Fiction from James Armstrong
THE GAZELLE WALKED down to the stream and took a drink of water. Just then, a lion leaped out and grabbed the gazelle between its claws. The gazelle struggled to get away, but the claws had sunken in too deeply for it to ever escape. The lion bent over and whispered into its ear.
“Do not struggle,” the lion said, “for I am death. This is the natural order of things. All that lives must one day die. For each creature, each fly, each blade of grass that grows upon the savanna, a time is appointed. Now is yours. There is no escape, so why struggle? Be at peace. I shall take away every care and worry you have and grant the restful stillness of eternal silence. Do not fight me. I come to you as a friend, your last friend in the entire world, to help you cross the final stretch into oblivion.”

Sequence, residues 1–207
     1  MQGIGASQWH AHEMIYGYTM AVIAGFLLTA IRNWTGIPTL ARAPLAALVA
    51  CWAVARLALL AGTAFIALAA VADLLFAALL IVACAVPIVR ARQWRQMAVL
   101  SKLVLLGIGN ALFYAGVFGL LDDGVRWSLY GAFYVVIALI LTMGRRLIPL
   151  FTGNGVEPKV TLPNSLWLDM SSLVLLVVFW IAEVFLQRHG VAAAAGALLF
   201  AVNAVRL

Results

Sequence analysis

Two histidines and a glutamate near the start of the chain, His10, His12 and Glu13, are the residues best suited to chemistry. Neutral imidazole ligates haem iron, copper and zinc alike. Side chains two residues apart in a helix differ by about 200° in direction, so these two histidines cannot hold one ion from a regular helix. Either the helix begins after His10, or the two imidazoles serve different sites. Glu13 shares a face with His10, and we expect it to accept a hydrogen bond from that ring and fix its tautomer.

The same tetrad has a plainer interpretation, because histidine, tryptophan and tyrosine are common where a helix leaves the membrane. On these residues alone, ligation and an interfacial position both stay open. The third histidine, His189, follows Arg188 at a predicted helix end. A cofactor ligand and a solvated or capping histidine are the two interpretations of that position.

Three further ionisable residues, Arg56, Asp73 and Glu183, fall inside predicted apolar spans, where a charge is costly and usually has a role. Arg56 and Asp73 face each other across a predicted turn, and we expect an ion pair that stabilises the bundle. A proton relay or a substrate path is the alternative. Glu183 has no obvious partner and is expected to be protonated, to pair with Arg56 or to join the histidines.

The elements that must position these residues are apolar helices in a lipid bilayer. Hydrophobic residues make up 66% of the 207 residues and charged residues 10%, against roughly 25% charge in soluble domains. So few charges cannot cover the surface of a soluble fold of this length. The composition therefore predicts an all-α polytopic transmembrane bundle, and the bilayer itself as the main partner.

“You deceitful beast,” the gazelle cried. “You say this, not because it’s true, but because you want an easy meal. I shall fight you with the last of my breath!”
James Armstrong is a playwright and fiction writer whose stories have appeared in Concho River Review, The Chaffey Review, 34th Parallel, The Main Street Rag, Iconoclast, and The Rockford Review. His plays have been published in Arts & Letters, Canyon Voices, Yemassee, and The Best American Short Plays: 2012-2013. In addition, his long short story “Little Falls” will be appearing forthcoming in The Long Story. He lives in New York.
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